Vick never learned that lesson.

If you hang out with buttholes,
you start to smell like 'em.

As to his guilt?
Who knows?
Maybe Vick gave his dogs herpes,
for all we know.
Time will tell.

Anonymous said...

KC,

I respectfully request that you begin limiting the space given to future bloggers on DIW. I scroll through the really long, boring ones but lately my finger is getting overworked. Still enjoy your online work greatly! Can't wait to receive my pre-ordered book!

Anonymous said...

Has Mark Neal Ph.D., the "thuganiggaintellectual" chimed in on this?

Anonymous said...

Speaking of thugs, Michael Vick was always a gamble.

He was the "coach killer" now he's the "owner killer" too (plus dog killer).

Ralph Phelan said...

"That statement is both racist AND wrong, Ralph."

I make no comment about the innate qualities of black vs. white, or the average behavior of black vs. white. I merely note that in contemporary american culture it's safe to criticize white people without cause, but an ciriticism however well deserved against someone black you'll be called a racist.

Thanks for playing the race card yet again, and doing your small bit towards wearing it out.

I won't believe the sports media has really learned anything until they apply this newfound understanding to someone white.

Anonymous said...

KC>thanks for the overview of sports writing on the subject of Vick. For me, as a mom of a lax player it is significant that at least some in different parts of the country have started to articulate one of the main points you made early on: Duke University had a big role in the despicable manner in which these 3 young men were treated from the beginning. There is a huge difference between a famous, grown man and his company/ professional sports team and a school and kids on a sports team. But, I'm glad to get themessage out in any way that what happened in Durham, never should have. I'm waiting for your book, I hope you get on Oprah and tell the story. She is always interested in race issues and I think she does a good job of showing different perspectives. This blog has been very instructive.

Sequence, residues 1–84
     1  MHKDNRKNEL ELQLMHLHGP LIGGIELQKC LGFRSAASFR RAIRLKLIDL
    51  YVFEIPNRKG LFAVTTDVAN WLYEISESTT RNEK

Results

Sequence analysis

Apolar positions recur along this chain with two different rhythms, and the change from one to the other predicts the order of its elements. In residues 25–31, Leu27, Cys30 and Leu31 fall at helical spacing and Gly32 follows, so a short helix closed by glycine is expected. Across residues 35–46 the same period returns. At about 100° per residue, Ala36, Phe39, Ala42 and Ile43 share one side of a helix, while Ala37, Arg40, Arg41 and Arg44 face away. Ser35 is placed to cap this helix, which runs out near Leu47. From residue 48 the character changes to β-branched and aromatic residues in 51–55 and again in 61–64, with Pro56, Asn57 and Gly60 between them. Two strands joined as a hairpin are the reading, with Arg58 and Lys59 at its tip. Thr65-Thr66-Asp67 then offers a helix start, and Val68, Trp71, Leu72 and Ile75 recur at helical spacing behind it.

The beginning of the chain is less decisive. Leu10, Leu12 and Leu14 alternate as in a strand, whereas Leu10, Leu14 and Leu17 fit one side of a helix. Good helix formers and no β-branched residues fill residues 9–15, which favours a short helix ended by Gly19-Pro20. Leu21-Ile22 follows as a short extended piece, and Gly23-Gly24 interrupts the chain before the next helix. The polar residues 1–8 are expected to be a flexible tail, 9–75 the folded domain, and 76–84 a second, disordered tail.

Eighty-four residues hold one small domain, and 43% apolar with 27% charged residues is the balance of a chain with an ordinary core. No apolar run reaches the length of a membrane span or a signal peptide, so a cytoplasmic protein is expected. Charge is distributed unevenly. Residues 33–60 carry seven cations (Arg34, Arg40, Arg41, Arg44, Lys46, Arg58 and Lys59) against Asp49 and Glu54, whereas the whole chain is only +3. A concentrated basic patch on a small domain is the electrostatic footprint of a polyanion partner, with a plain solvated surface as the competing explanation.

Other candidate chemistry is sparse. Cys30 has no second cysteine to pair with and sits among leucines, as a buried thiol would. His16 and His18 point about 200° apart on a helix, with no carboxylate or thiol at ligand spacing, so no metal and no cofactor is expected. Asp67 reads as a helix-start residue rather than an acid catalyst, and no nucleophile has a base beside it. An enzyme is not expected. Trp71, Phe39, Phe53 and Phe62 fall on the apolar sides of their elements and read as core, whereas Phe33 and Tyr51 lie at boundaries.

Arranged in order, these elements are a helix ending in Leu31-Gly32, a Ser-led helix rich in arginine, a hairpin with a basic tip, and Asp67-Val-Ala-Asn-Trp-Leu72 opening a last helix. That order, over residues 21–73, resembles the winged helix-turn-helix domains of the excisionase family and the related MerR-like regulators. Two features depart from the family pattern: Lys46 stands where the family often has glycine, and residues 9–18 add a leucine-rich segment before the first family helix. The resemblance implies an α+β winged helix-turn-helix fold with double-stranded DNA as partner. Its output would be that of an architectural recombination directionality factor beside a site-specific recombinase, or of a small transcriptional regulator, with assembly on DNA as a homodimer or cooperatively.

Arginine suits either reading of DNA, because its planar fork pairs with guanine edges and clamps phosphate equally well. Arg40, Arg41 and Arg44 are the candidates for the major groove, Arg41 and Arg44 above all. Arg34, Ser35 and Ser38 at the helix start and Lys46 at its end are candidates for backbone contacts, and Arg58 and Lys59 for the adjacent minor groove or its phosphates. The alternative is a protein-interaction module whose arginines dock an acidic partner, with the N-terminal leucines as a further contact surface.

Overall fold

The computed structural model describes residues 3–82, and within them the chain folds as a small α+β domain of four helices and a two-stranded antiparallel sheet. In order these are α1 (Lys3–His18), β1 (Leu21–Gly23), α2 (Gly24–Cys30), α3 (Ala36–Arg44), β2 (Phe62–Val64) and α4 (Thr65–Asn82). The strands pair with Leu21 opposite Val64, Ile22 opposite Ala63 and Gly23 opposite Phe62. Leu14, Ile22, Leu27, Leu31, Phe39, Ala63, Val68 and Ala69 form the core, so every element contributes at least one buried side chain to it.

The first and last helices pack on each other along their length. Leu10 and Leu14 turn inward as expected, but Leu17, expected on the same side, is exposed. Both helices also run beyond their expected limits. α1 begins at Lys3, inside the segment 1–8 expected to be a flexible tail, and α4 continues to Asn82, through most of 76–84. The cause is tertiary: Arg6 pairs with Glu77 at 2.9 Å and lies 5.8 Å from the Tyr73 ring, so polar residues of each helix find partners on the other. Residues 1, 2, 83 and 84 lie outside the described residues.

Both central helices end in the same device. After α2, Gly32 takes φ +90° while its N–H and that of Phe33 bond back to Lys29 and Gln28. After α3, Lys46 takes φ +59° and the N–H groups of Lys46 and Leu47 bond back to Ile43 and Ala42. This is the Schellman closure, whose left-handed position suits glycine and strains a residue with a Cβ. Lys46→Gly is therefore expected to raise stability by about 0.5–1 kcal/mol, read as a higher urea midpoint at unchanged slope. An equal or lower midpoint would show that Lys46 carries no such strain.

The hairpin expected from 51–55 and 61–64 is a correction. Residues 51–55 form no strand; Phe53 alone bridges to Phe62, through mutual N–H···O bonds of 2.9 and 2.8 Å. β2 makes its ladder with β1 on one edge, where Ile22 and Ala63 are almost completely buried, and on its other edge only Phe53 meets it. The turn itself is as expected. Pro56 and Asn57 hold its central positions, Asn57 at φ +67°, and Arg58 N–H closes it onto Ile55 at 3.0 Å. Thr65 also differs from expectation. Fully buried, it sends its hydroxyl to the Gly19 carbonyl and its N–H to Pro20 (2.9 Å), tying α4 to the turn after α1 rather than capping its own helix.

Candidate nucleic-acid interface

Anonymous said...

[i]"The brutality in Virginia by Vick and friends is a fact."[/i]

Have we learned nothing from the lacrosse hoax. In the beginning stages of the lacrosse hoax, the brutality was taken as a "fact". When, it was anything but.

[i]"In this case you've got physical evidence and a guy with a history of thuggish behavior. "Vick is probably guilty" is a reasonable belief."[/i]

In the hoax there was said to be physical evidence at the beginning. There was said to be DNA and of course a medical exam. None of that turned out to be.

[i]"You have legal fans who say the only penalty Vick deserves is the one meted out by courts and he should have a full, lucrative career worth hundreds of millions besides his little court penalties...."[/i]

A full career? Not if convicted. If he is convicted, he should start serving his sentence immediately, not unlike any other convict. But, should he forfeit his career on the basis of a charge, as yet untested in court? The answer is a resounding NO. He, like everyone else is entitled to make a liviing. The criminal punishment is substantial. Should Mr. Vick be punished differently because he makes a lot of money? I say no.

Walt in Durham

Ralph Phelan said...

"Oh really? And "outside the courtroom," the Klan of 88 lit their torches, banged their pots, and applied their own "common sense and/or preponderance of evidence" too. Have some of you forgotten that?"

Outside the courtoom people frequently make decisions about who they wish to hire, who they wish to date, etc. based on less than proof beyond reasonable doubt.

People don't usually bang pots outside other people's windows. An action that extreme requires extraordinary certainty that one is right. But at the time there wasn't even preponderance of evidence. Things were already smelling fishy to anyone without an agenda.

One of the lessons to learned from the Duke Lacrosse Burning is that PC doesn't just destroy the legal presumption of innocence. It also destroys any ability to perform practical mundane common sense reasoning.

The Klan of 88's own "common sense and/or preponderance of evidence" was consistently wrong. Let's remember that, and point it out whenever they ask us to believe anything else they say again.

chris said...

The parallel between Duke Lax and Vick is not obvious. Both featured local prosecutors up for reelection, whose decision to prosecute followed the electorates' whim rather than a search for justice.

In Vick, it was only after the local prosecutor's (Poindexter) statements that cast doubt on his willingness to prosecute, and his sitting on a search warrant that effectively squashed it, did the Feds move in.

bill anderson said...

K.C.,